TAE Gas Turbines have recently delivered the first Abrams tank engine back to the Army after undergoing a major overhaul in its facility at RAAF Base Amberley.
Nigel Pittaway | Amberley
Previously, the Honeywell AGT1500 gas turbine engine which powers the tank had to be shipped back to the US for overhaul at a US Army repair depot in Alabama – a process which could take between 9-12 months before the power-plant returned to Australian soil and cost up to $500,000 per unit.
The overhauled engine also had a TAE Health and Usage Monitoring (HUMS) system fitted during overhaul and the Australian Army is the first Abrams operator in the world to adopt the system.
Australia purchased 59 refurbished Abrams M1A1 Main Battle Tanks from the US in 2004 and they will remain in service until at least 2035. The recent Defence White Paper forecasts a capability upgrade in the near future, to be carried out under project Land 907 Phase 2.
The 15,000 shaft horsepower (shp) AGT1500 has amassed over 24 million hours of operation worldwide and is a modular design, meaning that the power unit can be split apart in the field. Though for all intents and purposes identical to US Marine Corps tanks, Australia's M1A1 Abrams have not enjoyed the same reliability – a phenomenon attributable to the harsh local operating environment, but also to the way Army uses its fleet.
“HUMS has the potential to save the operator a significant amount of money through the operating life of the engine.”
Army Head of Modernisation and Strategic Planning Major General Gus McLachlan recently hosted personnel from the US Army’s Tank and Automotive Command (TACOM) in Michigan to investigate what he describes as ‘very significant and reliability issues’ with the Abrams fleet in Australia.
“At the end of it the Americans back-briefed me, saying we are using our tanks at 10 times the rate of a similar American unit and also, we use them on terrain that our soldiers would never contemplate crossing,” he told delegates at the SimTecT 2016 conference in Melbourne recently.
A further difference between the two Abrams operators is that the Australian Army runs the AGT1500 engine on diesel, where US forces use Aviation Turbine (AVTUR) fuel.
TAE overhaul facility
TAE signed an agreement with Honeywell Aerospace, the original equipment manufacturer, in June 2014 for the total logistics support for the AGT1500 engine from its facility at Amberley. The facility had previously been used to support the Pratt & Whitney TF-30 turbofan engine installed in the F-111 fleet and was specially modified for the overhaul of the AGT1500.
Honeywell and TAE jointly invested in the training of local staff and today around 16 people are directly involved in the AGT1500 engine overhaul, out of a total footprint of 110 people with the company at Amberley.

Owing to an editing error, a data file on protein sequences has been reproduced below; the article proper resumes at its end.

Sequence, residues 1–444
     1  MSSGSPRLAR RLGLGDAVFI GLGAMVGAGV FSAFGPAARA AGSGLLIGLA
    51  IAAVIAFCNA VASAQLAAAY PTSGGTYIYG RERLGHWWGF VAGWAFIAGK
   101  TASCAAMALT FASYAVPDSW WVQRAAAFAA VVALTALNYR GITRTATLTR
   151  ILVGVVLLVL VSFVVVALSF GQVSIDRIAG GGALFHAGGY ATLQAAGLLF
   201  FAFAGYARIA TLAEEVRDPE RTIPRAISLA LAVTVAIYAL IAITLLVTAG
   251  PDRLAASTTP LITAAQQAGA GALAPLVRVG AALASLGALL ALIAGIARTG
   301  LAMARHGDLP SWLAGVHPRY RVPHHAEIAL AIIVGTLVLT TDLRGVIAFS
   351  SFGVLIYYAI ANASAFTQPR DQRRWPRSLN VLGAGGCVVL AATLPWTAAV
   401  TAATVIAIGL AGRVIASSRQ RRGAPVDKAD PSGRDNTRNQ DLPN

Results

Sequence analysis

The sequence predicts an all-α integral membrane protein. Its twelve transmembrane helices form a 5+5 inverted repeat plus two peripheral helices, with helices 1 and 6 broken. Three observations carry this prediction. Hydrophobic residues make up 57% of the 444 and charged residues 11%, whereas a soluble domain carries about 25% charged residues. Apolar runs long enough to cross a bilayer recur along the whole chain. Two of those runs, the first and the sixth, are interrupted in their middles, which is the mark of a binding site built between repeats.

The Army has 85 engines to support the 59 tanks and Honeywell Asia Pacific vice president Mark Burgess said that the relationship with TAE has significantly reduced turnaround times and resulted in a happy customer.
TAE signed the support contract with Army in February last year, which CEO Andrew Sanderson says covers the major overhaul of 66 engines and provisions for the repair of 27 additional units over a five year period. By August this year, the first overhauled engine had been returned to Army and there were a further three units undergoing overhaul in the Amberley workshop. Sanderson said that throughput is planned to stabilise at 17 engines per year.
Although there is as yet no agreement to do so, the facility is well-placed to provide support to US Marine Corps Abrams tanks which are based in the NT for months at a time as part of the Marine Rotational Force Darwin (MRF-D) arrangement.
In 2012 TAE bought a Health and Usage Monitoring System (HUMS) from Perkins Engineering and adapted it to suit the AGT1500 engine; the system will now undergo evaluation under operational conditions in one of the Army’s Abrams.
The HUMS measures pressures and temperatures at points within the engine and the information is downloaded to a Data Memory Modular (DMM) and then taken off-board using wireless technology and sent to TAE. The system is similar to that in use in the civil aviation world and can be used to monitor the ongoing performance of an engine and signal impending faults. Timely preventative maintenance can perhaps then be prescribed, avoiding the time and cost of removing the engine and sending it back to the workshop for overhaul or repair.
Sanderson says that the system has the potential to save the operator a significant amount of money through the operating life of the engine and, given the worldwide fleet of Abrams tanks numbers in the thousands, there is a significant export market.
Disclaimer: The writer travelled to Amberley as a guest of Honeywell
This article first appeared in the November2016 edition of ADM.